Associate Scientist
Ph.D. in Molecular Physiology & Biophysics, Vanderbilt University, 2010

In Dr. Jaeger’s lab, I do thalamic and cortical single cell recordings (‘Patch-clamp electrophysiology’) in mouse brain slices.  Specifically, we use a method called dynamic clamp to understand how single thalamic neurons respond to physiologically relevant signal that mimic signals received during behavior (walking, resting, reaching, etc).  Moreover, how is that response altered in Parkinson’s disease models, such as the 6-OHDA dopamine depleted mouse?  This project involves neuronal patch-clamp recording, intracranial stereotaxic injections, literature analysis, and computational biology.  In other projects prior to joining Dr. Jaeger’s lab (in June 2020), I have done single cell recordings since 2002, to study many different neurological and non-neurological diseases and processes, at the level of ion channel biophysics, to single cells, to synapses.  On a personal level, I enjoy hiking, biking, listening to country music, trying to learn to run long distance, and hanging by/rafting the Chattahoochee on a beautiful Atlanta summer day.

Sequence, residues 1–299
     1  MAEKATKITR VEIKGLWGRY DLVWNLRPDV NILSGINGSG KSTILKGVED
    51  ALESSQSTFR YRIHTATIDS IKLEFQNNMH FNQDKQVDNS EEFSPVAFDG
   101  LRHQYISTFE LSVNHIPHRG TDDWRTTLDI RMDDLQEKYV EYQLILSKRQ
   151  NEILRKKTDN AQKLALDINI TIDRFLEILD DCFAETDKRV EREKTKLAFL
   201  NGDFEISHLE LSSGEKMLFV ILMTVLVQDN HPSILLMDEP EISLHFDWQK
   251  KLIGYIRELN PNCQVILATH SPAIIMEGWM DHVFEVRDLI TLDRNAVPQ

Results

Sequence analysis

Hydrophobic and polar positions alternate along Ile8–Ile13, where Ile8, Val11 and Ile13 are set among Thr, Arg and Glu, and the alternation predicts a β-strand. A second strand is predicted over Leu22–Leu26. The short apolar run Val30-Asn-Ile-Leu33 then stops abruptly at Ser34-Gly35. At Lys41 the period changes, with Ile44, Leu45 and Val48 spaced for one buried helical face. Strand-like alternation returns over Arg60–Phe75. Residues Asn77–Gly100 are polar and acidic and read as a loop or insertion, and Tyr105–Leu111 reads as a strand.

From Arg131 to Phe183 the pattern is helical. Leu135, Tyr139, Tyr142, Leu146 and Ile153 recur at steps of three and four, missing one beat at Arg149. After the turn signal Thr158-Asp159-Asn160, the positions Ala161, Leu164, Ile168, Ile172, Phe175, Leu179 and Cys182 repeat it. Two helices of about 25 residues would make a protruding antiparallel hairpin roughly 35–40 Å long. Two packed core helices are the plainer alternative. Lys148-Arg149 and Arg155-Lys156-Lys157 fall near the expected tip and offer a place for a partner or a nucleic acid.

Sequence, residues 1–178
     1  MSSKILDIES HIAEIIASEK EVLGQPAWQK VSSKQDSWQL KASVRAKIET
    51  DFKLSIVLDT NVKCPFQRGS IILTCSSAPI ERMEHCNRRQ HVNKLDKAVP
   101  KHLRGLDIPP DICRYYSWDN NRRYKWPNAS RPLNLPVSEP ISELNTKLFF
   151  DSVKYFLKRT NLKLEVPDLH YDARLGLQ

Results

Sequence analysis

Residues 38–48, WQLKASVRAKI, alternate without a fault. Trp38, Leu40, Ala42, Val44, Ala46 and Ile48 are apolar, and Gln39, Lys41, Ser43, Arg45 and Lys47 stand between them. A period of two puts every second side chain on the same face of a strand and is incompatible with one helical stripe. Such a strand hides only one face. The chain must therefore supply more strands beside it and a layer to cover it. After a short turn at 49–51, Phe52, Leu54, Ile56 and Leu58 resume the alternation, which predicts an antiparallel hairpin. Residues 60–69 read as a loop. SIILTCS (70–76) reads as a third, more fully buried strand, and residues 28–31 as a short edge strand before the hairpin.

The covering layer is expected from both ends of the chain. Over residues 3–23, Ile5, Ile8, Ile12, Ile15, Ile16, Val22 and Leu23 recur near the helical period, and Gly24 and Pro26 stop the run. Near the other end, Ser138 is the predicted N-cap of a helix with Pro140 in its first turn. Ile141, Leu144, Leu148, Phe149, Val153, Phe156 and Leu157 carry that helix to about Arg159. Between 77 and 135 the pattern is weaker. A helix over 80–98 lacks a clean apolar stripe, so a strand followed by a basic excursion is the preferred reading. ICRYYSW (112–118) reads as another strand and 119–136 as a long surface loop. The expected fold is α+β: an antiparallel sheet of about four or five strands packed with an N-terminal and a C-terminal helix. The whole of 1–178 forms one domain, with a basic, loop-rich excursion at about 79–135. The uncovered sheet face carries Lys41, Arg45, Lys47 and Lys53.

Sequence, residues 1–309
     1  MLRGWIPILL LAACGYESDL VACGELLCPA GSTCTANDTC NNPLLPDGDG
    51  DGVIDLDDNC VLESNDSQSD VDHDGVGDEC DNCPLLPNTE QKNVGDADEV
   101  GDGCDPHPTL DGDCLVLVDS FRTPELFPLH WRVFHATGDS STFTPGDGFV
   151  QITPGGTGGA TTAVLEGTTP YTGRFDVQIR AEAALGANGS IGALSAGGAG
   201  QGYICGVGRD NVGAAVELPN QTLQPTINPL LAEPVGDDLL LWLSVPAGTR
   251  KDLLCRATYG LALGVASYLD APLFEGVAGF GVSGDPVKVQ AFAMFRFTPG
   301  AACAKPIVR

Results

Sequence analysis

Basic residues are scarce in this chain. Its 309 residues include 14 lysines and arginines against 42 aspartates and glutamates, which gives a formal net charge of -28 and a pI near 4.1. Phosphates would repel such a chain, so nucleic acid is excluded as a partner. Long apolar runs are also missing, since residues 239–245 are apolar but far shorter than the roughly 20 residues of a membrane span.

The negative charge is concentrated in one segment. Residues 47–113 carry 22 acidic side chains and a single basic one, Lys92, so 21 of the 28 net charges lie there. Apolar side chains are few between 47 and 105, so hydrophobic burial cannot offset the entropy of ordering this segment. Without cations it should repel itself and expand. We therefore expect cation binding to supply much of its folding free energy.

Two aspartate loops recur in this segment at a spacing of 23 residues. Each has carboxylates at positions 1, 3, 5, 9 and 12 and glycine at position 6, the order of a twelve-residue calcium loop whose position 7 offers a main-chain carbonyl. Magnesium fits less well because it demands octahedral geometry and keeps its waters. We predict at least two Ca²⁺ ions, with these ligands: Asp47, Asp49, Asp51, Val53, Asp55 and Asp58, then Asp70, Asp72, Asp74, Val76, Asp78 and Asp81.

Jillian Recchio

Research Specialist
BS in Neuroscience, Indiana University Southeast, 2019

Dr. Julien Catanese

Post-Doctoral Researcher
Ph.D. in Neuroscience, University Pierre et Marie Curie, College de France, Paris 2012

I’m interested in gaining a better understanding of the neuronal basis of motor decision making. The dysfunction of such brain mechanisms can generate cognitive and/or motor deficits, such as those observed in patients with Parkinson’s Disease. In order to correlate neuronal activity with behavior, I train mice in a decision making task and perform in vivo extracellular electrophysiology to record activity of distinct groups of neurons in different brain areas. Furthermore, I use an optogenetic technique to inhibit/excite a targeted brain region.


Dr. Arthur Morrissette 

Neuroscience PhD Student, PhD obtained 2018
BS in Biomedical Engineering, Georgia Institute of Technology, GA, Atlanta 2013